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Performance Modelling

As we move towards the exascale-era, HPC systems are becoming increasingly complex with, for example, co-processors (eg, GPUs, Intel Xeon Phis), Non-uniform memory-access (NUMA) nodes, and various network structures, as well as the trend for increasing numbers of cores with decreasing speeds and decreasing memory per core. This makes it challenging to predict the performance of real applications on new and forthcoming machines.

Similarly scientific software is evolving in order to solve larger and more intricate problems, which involves exploring more scalable model formulations, numerical methods and algorithms. An example of this is the joint Met Office and NERC project, Gung-Ho!, to develop the next generation Unified Model weather and climate prediction system:

Therefore, we want to know how current and future models will perform on current and emerging systems, in terms of time-to-solution, resource efficiency and problem scalability. Performance modelling can be used as a tool to explore answers to these questions.

In this case a performance model encapsulates information about the software and hardware to make a prediction of elapsed wallclock run time for a given scenario.

Shallow water model

Annette Osprey has been developing a benchmark driven performance modelling approach to evaluate deployment choices on multi-core architectures. A shallow-water model has been benchmarked on the Cray XE6 to provide inputs to a model which is designed to predict performance on differing HPC architectures. It is hoped that this approach will provide an alternative to the expensive and time consuming testing of models by trial to find the ideal configuration of architectural parameters for best performance. The model successfully predicts the strong scaling up to 16,000 cores and has been used to choose optimal rank-core affinities.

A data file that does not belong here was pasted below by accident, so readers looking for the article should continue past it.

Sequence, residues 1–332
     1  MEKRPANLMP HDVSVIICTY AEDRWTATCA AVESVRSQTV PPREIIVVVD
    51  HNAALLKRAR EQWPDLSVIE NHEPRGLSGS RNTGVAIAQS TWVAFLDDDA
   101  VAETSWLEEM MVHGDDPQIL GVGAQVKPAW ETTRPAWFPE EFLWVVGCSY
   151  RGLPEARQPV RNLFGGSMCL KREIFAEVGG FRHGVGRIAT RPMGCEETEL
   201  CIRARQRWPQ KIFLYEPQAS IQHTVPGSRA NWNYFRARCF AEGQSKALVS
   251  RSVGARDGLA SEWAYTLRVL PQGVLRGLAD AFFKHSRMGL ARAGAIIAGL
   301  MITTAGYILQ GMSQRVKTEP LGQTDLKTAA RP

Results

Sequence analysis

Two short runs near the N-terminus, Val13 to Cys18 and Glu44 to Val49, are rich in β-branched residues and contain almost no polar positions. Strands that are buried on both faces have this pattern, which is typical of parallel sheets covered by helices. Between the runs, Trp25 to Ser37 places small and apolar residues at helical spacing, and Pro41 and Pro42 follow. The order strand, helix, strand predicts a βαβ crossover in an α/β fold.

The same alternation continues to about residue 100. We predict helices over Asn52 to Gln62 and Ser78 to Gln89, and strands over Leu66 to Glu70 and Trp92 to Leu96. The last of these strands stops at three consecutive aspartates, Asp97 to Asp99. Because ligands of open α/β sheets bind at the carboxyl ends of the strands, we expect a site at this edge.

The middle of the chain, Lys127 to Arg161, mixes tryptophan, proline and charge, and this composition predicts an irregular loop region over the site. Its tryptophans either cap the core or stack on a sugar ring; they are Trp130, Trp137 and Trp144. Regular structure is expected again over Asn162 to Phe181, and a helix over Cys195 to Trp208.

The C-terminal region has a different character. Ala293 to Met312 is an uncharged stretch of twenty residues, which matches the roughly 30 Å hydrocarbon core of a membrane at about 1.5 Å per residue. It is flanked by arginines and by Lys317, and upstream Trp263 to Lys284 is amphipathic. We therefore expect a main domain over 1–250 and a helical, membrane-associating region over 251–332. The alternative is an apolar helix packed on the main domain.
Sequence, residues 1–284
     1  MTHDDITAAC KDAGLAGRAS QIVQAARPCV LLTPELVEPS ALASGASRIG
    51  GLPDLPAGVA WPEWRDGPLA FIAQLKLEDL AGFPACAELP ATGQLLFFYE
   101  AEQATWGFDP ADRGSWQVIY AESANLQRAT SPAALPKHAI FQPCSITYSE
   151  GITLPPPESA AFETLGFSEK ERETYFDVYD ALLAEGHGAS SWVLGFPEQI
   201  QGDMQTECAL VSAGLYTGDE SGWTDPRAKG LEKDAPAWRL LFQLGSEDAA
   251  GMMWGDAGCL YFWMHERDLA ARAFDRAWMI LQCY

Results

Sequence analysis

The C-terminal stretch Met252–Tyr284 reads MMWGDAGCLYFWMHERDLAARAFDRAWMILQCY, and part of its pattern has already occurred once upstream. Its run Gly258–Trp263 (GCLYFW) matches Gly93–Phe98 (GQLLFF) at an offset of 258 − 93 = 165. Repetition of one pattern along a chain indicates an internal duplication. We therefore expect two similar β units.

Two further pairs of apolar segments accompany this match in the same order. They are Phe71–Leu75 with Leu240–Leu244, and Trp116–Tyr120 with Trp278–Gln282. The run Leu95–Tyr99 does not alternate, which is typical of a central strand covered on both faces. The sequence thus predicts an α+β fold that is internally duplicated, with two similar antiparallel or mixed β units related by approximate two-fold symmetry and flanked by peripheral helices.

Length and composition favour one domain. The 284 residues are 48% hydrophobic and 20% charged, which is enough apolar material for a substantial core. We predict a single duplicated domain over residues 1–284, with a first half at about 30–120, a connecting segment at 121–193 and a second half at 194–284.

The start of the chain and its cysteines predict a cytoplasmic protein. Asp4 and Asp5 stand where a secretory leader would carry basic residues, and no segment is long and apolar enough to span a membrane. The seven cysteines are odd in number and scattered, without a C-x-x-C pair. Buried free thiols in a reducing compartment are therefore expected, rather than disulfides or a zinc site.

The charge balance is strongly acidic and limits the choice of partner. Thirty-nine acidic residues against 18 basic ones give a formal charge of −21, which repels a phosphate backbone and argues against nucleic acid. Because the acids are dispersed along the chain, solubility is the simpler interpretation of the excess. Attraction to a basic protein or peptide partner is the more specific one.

Paper: A. Osprey, G. D. Riley, M. Manjunathaiah, and B. N. Lawrence. "A Benchmark-Driven Modelling Approach for Evaluating Deployment Choices on a Multicore Architecture". Proceedings of the International Conference on Parallel & Distributed Processing Techniques & Applications. 2013. pdf

Poster: A. Osprey, G. D. Riley, B. N. Lawrence, and M. Manjunathaiah. "Benchmark-driven performance modelling for multi-core architectures". NCAS staff meeting, June 2012. pdf

Poster: A. Osprey, G. D. Riley, B. N. Lawrence, and M. Manjunathaiah. "Modelling the Performance of a Shallow Water Code". NCAS staff meeting, July 2010. pdf

Unified Model

We looked at the performance of a HadGEM3 configuration at UM 7.3 for N96 and N216 global problem sizes. At the time this work was carried out, there was concern that the UM new dynamics would be limited in it's ability to scale to very high resolution global grids (see for example:

We explored:

  • How the computational and communication performance of different parts of the model scaled with core count and resolution.
  • How the time to complete a timestep varied over a 3 day run.
  • How the number of solver iterations required to converge changed with resolution.

This information was also used to outline an analytical application performance model for the UM configuration.

Poster: A. Osprey, L. Steenman-Clark, M. Manjunathaiah, and G. D. Riley. "Performance Modelling for Climate Models". NCAS staff meeting, July 2013. pdf

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